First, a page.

America’s hyper-consumerist post WWII period coupled with a pent up demand for cars and a sudden interest in sports models led to all kinds of automotive start-ups, not the least of which was a high-quality sports car named the Edwards America.
Sterling Edwards was the scion of a wealthy San Francisco company that had made a vast fortune selling ropes and cables, but his brilliant, restless mind led him to further engineering pursuits. A licensed pilot by age 17, he’d designed a twin-engine plane based on Lockheed's ground-breaking Electra. Edwards had served as a test pilot during WWII, giving twin-boom P-38s their final shakedowns before they were sent off to do battle.
While attending Switzerland’s 1948 Winter Olympics, Edwards spotted a sleek Italian Cistilia roadster and his life changed. He was inspired to build an American sports car that could stand up to the sharp new European cars being introduced as the continent awoke from its nightmare years of war.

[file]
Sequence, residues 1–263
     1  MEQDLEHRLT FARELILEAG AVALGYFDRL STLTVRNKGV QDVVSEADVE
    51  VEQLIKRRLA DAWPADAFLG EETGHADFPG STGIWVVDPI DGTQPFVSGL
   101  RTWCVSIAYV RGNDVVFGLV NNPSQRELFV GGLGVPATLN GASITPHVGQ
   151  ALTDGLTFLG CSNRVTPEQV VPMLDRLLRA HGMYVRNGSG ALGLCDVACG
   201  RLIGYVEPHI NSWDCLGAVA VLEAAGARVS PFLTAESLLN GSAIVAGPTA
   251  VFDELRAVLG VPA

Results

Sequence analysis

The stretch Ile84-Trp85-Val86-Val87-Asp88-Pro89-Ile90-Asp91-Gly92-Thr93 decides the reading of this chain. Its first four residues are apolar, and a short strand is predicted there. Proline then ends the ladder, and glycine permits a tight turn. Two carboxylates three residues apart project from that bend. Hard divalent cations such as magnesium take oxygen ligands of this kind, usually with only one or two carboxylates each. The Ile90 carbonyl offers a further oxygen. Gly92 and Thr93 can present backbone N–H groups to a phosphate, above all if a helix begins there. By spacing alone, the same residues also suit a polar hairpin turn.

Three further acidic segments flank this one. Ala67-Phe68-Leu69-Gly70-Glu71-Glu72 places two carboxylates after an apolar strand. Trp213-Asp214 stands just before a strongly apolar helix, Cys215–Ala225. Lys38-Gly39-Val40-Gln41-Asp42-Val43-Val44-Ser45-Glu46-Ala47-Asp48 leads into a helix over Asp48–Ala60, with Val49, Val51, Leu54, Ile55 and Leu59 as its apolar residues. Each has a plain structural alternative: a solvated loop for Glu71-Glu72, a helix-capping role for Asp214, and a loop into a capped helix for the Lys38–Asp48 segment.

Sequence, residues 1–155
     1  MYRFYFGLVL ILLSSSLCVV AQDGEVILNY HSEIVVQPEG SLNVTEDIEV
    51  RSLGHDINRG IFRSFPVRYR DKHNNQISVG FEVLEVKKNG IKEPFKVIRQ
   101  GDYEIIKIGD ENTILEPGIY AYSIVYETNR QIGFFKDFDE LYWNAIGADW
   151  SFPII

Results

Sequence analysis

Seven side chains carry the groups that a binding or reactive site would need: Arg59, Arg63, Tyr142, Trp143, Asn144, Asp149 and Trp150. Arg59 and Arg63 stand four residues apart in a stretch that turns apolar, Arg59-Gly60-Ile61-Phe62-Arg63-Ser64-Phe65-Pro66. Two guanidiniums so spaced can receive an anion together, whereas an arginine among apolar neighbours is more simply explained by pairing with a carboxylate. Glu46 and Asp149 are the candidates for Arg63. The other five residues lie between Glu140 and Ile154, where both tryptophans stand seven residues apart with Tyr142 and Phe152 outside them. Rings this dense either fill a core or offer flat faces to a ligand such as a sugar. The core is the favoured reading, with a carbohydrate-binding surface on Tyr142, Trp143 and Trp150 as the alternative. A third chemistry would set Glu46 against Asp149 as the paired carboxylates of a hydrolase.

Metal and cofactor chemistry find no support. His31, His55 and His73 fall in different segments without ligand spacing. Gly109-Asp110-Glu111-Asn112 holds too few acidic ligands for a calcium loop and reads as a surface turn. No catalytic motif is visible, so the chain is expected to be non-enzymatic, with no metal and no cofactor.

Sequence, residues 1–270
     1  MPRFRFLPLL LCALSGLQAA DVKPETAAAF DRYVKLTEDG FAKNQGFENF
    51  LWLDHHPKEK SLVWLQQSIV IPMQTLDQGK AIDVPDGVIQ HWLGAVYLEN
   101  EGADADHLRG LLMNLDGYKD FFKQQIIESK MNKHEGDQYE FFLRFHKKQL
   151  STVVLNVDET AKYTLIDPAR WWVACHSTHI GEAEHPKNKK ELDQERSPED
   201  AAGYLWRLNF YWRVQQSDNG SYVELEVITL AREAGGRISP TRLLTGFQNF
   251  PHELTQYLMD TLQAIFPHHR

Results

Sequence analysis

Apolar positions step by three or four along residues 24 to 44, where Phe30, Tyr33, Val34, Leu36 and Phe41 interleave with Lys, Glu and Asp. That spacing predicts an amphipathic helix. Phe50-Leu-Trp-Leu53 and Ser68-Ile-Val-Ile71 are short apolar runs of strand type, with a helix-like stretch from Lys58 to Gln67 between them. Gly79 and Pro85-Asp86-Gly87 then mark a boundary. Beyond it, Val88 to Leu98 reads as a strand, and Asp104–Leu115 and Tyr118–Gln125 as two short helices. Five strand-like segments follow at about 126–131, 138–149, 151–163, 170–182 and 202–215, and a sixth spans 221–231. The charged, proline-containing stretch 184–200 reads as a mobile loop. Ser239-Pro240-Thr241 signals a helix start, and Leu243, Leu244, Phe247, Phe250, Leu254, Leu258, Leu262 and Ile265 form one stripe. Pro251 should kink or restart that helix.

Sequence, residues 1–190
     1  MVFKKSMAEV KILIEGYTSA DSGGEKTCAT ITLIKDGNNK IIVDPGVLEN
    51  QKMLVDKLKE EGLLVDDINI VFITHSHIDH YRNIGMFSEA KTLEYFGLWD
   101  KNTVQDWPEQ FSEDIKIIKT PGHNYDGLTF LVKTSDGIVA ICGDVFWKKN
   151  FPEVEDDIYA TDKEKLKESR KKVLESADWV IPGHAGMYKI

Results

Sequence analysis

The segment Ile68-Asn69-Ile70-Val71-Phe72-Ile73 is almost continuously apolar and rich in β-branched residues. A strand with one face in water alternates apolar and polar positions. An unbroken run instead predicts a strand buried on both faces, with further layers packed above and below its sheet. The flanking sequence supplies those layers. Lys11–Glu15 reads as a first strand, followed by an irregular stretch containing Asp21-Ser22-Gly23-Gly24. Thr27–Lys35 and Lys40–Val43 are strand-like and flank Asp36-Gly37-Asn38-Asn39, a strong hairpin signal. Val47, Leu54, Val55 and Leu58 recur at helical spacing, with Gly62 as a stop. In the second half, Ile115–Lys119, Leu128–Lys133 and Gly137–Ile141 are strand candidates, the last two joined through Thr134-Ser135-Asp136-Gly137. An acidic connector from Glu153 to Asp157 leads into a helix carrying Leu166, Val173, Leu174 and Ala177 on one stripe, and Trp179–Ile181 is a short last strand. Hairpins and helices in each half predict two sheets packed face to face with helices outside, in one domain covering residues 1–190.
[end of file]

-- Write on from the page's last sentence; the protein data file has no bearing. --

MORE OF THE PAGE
The first Edwards car was a "clean sheet" design that incorporated a bespoke chassis and bodywork. Designed and engineered by race car developer Norman Timbs, it was conceived in the European tradition as a car that could be driven casually during the week and raced on weekends.
Introduced in 1950, the first Edwards was powered by a hopped-up Ford flathead V-8. Edwards drove it to overall first place in its first four races battling Europe's finest and totally dominating the nascent American sports car scene.
Further experiments led Edwards to build his next car out of a then-new material called fiberglass and use a pre-existing chassis in order to save costs. A stock Kaiser Henry J chassis cradled a hot Chrysler Firepower Hemi V-8. He’d built a plastic-bodied American sports car two years before Chevrolet's first Corvette was offered for sale.
Edwards went on to complete five cars named Edwards America, powered by Oldsmobile and Lincoln V-8s with GM Hydramatic transmissions, but ultimately his project was done in by the same problem that’s slayed many automotive dreamers; the mind-meltingly high cost of going into production. Edwards lost money selling his Americas at $8,000 while Ford’s exciting new V-8-powered 1955 Thunderbird was priced at $2,700.
Most Edwards have survived to enjoy lovingly restorations by owners who appreciate their unique slot in automotive history. But don't hold your breath waiting to see one at a car show or auction, the rare-as-hens-teeth Edwards are remain all but invisible on the classic car scene.
Written by Jim Cherry